|[AMRadio] Average OP Age was BA Tr FS|
ars.w5omr at gmail.com
Mon Jul 23 11:31:13 EDT 2007
DOXEMF at aol.com wrote:
> No shortage of meters here but who even can calculate the shunt or series resistor for an analog meter nowdays.
> From some of the questions I see posted by newbys on several Ham forums I have to wonder how they ever passed the test.
Depends on the meter movement. A FS=1mA meter movement is 1000 ohms per
volt. So, in order to measure kV, the series shunt is 1Megohm per 1000v.
Therefore, if your DC volt meter reads 0 ~ 5, then 5Megohms would
measure 5,000VDC at full scale.
I think, though, you're asking more along the lines of "who, of the
'todays ham' crowd even posses the knowledge of how to build a meter
shunt" and I've got to agree.
Have you -seen- a test, recently? I got licensed in Feb of 1984, by two
general class license holders. That was before the VE program. In
September of that following year, was the last time the FCC came to San
Antonio to administer tests. The VE program was -very- close behind (3
months or so, as I recall).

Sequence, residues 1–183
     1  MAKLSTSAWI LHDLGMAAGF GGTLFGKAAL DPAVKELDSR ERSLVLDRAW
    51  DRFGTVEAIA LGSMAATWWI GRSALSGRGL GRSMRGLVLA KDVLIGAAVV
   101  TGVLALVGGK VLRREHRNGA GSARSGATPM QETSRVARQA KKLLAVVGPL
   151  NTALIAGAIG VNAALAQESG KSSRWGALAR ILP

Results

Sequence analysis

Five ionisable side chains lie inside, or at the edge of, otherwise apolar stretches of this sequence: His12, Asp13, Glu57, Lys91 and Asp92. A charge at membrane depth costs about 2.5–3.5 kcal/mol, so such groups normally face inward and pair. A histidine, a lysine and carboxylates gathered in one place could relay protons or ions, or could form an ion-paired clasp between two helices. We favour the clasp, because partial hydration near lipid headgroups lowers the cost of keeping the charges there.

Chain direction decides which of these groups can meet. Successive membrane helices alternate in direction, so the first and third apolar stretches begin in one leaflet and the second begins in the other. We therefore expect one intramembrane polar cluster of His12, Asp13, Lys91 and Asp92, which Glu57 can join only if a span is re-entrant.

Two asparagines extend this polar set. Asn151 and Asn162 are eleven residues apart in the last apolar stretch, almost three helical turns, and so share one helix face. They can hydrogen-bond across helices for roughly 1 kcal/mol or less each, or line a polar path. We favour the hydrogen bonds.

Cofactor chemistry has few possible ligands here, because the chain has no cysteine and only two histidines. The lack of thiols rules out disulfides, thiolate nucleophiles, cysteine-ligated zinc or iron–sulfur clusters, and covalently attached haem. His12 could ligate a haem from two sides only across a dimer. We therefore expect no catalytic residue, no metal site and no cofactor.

10 years after that, I helped out in the VE program, and Oh My
Goodness!! The CW test is 'MULTIPLE GUESS'? (back when they -had- CW
The theory questions weren't much better...
"What is the current through a 1k ohm resister if 1v is applied across it?
A) 250 Amps
C) 47 ohms
No, seriously.. it was -that- bad! And that was 13 years ago. Can you
imagine how much further down the bar has been 'lowered' by the
lobbyist/employers of the Yae-com-wood manufacturers of today?
Wait... you (collectively) looked surprised....
Oh, c'mon... you don't -really- think the ARRL lowered the standards of
entry level Ham Radio licensing out of the goodness of their hearts, do you?
(you know the rest)
73 = Best Regards,
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